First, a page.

Ali Abu Awwad is a resident of Beit Ummar,
his family relocated in 1948. Ali grew up in a politically
active family and was active in resisting the Israeli occupation during the
first intifada (Palestinian uprising). He was arrested for his political activities
and served four years of the 10 he was sentenced until his release following
the Oslo accords.
During the second intifada, Ali was shot by an Israeli settler and was hospitalized
in Saudi Arabia.
While there, he received the grave news that his brother had been shot and killed
by an Israeli soldier at a checkpoint at the entrance to their village. Ali
and other members of his family later joined the Bereaved Families Forum where
they are active in spreading a message of reconciliation and non-violence to
Palestinians and Israelis.
joining the Parents Circle:
“After my brother’s death, and contrary to pressures from various groups and
individuals who came to express their condolences, I decided that revenging my
brother’s death would not ease my pain and would not bring him back. I didn’t
know what to do with the pain and there wasn’t an outlet for the grief. The
Forum is a means of helping yourself in addition to being a means of resistance…I
thought that the greatest tribute I could pay to my dead brother, our family
and to my people would be to work to
stop the cycle of violence and bloodshed…My duty as a Palestinian is to show
the Israeli people that we have a just case and this can only take place when we stop the cycle of violence. I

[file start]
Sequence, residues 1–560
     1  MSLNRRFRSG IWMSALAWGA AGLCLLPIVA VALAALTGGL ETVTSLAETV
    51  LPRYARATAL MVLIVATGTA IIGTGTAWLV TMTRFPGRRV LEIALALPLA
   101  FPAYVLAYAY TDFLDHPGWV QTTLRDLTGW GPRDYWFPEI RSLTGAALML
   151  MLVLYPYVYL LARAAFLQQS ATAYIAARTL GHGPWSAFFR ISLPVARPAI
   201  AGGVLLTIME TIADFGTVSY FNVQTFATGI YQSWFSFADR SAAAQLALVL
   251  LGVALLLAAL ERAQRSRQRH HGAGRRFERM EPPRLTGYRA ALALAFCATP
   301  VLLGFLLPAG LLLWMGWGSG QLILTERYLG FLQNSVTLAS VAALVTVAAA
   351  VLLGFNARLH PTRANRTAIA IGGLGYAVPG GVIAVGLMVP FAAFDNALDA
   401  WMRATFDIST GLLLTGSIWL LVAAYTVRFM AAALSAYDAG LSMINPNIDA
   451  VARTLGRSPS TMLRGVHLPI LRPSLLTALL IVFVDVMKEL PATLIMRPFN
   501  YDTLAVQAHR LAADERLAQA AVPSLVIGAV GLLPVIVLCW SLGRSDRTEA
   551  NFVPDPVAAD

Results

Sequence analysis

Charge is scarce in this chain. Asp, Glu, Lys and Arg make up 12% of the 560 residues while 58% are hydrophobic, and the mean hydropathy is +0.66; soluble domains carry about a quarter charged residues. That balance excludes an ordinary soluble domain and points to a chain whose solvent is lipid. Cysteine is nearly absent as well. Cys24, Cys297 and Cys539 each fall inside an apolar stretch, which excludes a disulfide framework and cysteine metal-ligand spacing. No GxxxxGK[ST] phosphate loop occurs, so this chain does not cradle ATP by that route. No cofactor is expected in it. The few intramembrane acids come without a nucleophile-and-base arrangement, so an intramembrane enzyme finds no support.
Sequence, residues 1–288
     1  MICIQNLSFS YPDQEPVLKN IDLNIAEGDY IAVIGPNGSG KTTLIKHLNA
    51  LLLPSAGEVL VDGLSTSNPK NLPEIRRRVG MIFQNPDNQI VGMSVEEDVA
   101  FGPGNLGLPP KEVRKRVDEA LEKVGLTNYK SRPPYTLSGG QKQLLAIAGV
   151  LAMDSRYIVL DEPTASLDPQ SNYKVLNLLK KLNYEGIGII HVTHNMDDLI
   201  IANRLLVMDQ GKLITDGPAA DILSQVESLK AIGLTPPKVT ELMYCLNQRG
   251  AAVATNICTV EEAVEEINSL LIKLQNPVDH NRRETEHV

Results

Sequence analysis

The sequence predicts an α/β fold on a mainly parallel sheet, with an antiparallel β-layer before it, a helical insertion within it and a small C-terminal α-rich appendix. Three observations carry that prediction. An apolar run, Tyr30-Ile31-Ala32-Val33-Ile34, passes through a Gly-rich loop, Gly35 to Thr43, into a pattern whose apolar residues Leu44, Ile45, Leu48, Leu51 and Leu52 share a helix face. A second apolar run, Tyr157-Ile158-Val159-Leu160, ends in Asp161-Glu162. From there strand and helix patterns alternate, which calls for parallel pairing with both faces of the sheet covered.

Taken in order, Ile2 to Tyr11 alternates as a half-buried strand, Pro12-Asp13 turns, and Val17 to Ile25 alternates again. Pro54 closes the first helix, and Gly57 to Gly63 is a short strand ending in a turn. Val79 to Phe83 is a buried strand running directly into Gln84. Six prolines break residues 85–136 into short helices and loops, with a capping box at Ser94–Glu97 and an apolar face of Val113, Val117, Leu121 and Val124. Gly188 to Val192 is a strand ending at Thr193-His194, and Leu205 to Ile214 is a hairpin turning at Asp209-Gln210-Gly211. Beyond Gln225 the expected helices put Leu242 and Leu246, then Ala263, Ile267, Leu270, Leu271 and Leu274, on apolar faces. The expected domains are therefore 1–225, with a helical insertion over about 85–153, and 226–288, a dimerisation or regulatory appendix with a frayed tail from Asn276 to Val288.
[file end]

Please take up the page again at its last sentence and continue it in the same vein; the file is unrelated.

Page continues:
now believe this is the way to establish our rights”.
Robi Damelin lives in Tel Aviv. She immigrated from South Africa in 1967. Robi’s son,
David, was killed by a sniper while on military reserve duty,
in March 2002. David was 28 years old, and was
studying for his Masters Degree in the Philosophy of Education at
the Tel-Aviv University. He strongly believed that
through education, he could make a difference in Israel.
David’s death , Robi felt a burning need to do something to try and prevent
other parents from experiencing the dreadful pain of losing a child.
She closed her succesful Public Relations firm to devote
her entire time and energy to the Parents
Circle – Families Forum and its activities
promoting dialogue, tolerance and reconciliation.
In Robi’s words: “since losing my son I have
decided to devote my life to the work of The Parents Circle. If the members of
our group can reconcile and forgive, then surely we can be an example to the
rest of the world… We are not affiliated to any political party, we who have
paid the highest price for a war which should have ended long ago. We
wish to strengthen the voice of parents. We believe that motherhood and
fatherhood and the wish to save children who are still alive, are the only
common denominators that overcome nationality, race and religion”.